From source to consumer, data is associated with the product through the code.

Lubey Trading platform for waste and recycling raw materials expands into Europe

Lubey Trade, the German-based digital trading platform for waste and recycling raw materials, is expanding its coverage.

The company said after a strong rise in user numbers in Germany, it is now available in English for companies throughout Europe. This creates a Europe-wide online marketplace where waste generators and recycling companies can do business with each other.

“In the face of exploding raw materials prices, the purchase of secondary raw materials and the efficient marketing of waste are becoming increasingly important for trade and industry,” said Dr Michael Lämmerhirt, chairman of the board of Lubey AG.

“Successful marketing via Lubey Trade in Germany shows that companies are beginning to recognize this. The expansion of the platform to the whole of Europe is therefore the next logical step.”

All types of production and corporate waste plus secondary raw materials can be digitally traded on “Lubey Trade.” This includes all typical waste from trade and commerce, such as metal waste, aluminum scrap, plastics or faulty batches, packaging materials such as lightweight packaging materials (LPM), paper, paperboard and cardboard (PPC), etc.

Marketing follows the principles of an online auction in just four steps: In the first step, users can define the type of e-tendering (private or under public law) and the term for which it will run. In the second step, the materials to be marketed are precisely categorised and described: Firstly, they are systematically recorded by material class.

Waste is also provided with a waste code and secondary raw materials, if applicable, with a product data sheet. Supplementary details and properties, such as material group, shape (balls, bars, granulate, grain size, piece size), material number, purity, etc., plus photographs, are added to make the information more precise. The collection and delivery conditions are also defined here.

Suppliers can select a minimum price and couple the price to a standard industry index.

In the third step, users can define specific requirements for bidders. This means that it is possible to specify, for example, that only certified specialist disposal companies are allowed to bid for the batch.

To hedge the economic risk, waste-generating companies can require their bidders to provide, for example, a bank guarantee, certain insurance policies or minimum turnovers. Requirements in terms of technology and the workforce, such as particular quality standards or qualifications, can also be laid down here.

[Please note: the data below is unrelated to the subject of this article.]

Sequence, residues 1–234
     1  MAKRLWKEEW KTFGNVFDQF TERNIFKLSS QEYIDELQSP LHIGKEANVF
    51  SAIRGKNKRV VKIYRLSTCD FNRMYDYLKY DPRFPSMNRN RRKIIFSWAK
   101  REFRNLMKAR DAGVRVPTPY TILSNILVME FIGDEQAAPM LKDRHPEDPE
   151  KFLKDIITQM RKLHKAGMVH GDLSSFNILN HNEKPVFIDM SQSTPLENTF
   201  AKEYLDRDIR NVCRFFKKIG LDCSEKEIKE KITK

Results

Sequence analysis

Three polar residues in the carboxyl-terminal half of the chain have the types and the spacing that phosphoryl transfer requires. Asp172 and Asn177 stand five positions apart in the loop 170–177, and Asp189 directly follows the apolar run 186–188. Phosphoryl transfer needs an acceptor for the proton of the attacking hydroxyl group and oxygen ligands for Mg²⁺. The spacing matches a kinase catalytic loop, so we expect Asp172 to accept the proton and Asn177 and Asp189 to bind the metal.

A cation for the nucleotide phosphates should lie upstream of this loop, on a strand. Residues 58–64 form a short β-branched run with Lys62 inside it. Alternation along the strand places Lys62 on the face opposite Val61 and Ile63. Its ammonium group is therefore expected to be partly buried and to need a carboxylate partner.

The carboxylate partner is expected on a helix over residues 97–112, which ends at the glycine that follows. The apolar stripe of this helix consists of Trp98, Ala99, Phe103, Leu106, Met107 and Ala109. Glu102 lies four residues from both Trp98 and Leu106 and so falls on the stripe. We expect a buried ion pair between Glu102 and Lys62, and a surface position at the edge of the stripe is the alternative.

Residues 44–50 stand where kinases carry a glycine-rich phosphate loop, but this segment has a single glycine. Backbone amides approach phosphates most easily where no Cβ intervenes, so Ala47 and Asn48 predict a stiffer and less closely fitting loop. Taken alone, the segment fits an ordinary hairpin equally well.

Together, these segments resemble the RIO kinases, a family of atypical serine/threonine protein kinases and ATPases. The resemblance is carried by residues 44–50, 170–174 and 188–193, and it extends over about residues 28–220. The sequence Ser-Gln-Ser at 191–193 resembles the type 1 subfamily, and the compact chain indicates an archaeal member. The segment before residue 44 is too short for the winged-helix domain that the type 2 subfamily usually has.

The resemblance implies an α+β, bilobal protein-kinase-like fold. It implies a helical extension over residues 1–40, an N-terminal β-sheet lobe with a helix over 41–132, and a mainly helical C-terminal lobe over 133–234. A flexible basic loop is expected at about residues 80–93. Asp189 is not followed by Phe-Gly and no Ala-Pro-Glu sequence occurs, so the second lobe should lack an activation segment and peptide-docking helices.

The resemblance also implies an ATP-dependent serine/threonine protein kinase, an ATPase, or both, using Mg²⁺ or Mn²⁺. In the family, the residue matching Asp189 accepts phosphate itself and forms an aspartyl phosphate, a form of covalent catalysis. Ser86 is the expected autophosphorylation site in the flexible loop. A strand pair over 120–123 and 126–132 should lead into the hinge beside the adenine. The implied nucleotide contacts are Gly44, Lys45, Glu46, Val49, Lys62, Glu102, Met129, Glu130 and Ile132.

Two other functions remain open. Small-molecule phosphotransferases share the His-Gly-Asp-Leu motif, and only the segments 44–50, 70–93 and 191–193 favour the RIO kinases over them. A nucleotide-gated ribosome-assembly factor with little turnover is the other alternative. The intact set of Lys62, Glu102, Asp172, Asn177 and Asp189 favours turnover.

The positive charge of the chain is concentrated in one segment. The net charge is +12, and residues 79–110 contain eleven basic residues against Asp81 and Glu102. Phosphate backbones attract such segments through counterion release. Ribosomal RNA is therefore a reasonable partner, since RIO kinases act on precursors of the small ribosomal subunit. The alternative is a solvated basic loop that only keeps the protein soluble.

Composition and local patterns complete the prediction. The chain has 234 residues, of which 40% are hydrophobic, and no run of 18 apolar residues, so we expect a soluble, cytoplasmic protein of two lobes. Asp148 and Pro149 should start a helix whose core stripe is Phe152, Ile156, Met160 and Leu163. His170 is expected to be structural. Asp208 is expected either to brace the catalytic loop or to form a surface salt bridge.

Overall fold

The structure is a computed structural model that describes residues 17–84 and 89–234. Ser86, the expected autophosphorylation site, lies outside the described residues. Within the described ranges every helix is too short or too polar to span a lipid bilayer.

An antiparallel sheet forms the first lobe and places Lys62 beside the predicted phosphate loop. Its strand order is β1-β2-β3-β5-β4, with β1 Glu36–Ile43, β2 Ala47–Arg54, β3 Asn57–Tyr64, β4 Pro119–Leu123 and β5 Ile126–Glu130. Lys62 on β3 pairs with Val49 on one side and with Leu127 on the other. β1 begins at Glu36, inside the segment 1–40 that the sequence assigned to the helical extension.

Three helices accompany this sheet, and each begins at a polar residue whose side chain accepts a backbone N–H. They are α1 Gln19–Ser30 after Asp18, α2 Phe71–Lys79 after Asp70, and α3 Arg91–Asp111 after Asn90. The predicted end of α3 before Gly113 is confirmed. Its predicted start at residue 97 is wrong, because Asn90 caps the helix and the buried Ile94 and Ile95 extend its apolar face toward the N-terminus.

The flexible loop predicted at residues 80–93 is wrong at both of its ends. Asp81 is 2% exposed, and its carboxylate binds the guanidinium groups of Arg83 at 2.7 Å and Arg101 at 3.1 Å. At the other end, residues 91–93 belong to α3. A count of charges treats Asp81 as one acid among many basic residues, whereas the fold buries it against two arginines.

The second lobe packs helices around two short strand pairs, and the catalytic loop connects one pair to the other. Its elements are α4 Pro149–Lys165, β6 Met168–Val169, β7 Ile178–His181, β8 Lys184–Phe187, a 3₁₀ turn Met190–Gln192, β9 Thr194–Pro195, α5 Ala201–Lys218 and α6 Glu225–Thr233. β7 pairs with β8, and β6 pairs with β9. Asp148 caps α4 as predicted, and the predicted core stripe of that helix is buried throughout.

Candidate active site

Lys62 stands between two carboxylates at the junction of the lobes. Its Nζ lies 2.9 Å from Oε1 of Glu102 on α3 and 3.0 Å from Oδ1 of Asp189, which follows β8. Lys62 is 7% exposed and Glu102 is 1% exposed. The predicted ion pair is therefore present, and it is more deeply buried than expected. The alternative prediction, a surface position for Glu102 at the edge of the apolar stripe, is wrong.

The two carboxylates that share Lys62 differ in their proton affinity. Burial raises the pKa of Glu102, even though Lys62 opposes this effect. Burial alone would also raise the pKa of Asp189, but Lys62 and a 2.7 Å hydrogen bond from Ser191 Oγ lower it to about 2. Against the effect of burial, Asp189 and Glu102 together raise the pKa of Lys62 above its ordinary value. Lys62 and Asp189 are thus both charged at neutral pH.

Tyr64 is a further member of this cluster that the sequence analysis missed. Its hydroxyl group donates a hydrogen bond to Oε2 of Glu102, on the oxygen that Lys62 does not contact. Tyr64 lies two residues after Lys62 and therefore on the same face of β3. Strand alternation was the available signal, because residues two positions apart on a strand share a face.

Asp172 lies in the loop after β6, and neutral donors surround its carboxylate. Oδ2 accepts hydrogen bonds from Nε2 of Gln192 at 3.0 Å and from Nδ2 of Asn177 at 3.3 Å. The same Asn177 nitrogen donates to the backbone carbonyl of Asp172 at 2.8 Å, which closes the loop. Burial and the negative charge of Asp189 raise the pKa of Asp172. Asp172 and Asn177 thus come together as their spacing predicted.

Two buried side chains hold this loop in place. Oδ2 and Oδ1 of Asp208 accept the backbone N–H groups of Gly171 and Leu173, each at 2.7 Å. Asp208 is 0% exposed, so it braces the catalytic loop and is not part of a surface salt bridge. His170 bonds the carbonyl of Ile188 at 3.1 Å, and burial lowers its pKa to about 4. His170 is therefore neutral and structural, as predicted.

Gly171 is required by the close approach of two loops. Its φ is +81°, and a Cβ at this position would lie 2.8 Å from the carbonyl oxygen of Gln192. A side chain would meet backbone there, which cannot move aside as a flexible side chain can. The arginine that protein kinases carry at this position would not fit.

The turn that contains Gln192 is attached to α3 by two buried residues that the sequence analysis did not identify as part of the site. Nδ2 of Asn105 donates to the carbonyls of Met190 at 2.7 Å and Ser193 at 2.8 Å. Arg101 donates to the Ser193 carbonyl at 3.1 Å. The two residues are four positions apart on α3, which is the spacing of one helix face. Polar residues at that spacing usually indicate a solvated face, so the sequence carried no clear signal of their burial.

“Everyone who trades on Lubey Trade must provide information on these points and upload valid proof if necessary,”​ Lämmerhirt added.

“This ensures maximum security and transparency, along with compliance with environmental and social welfare standards.”

In the fourth step, the system summarizes the e-tender clearly and produces legally compliant tender documents. After a plausibility verification, the e-tender can be published. An e-tender can thus be created in a few minutes.

After the initial bidding phase, a compliance verification of the bidders is carried out, when the requirement criteria are checked. After this, an e-auction is carried out with the approved bidders, after which the contract is awarded. For public authority providers, the valid law on public contracts (EU, Federal, State) is also integrated.

The transparency and simple processing offered by Lubey Trade benefits everyone involved in the recycling chain: Waste generators can market their waste and secondary raw materials quickly and easily and make money. Recycling and recovery companies are provided with access to a large supply of recyclable materials that is no longer just regional.

“The supply chains and raw material markets have long been international, and so it is logical for the procurement and trading of secondary raw materials to follow suit,”​ Lämmerhirt said.

“Waste that can be recycled and fed back into the economic cycle is of real value to companies – and even more so if there is a market for it that is as large as possible.”

In Germany, many companies in trade and industry already use Lubey Trade, including motor supply companies and retail groups. These are joined by many regional and supra-regional disposal and recycling companies plus public waste disposal companies.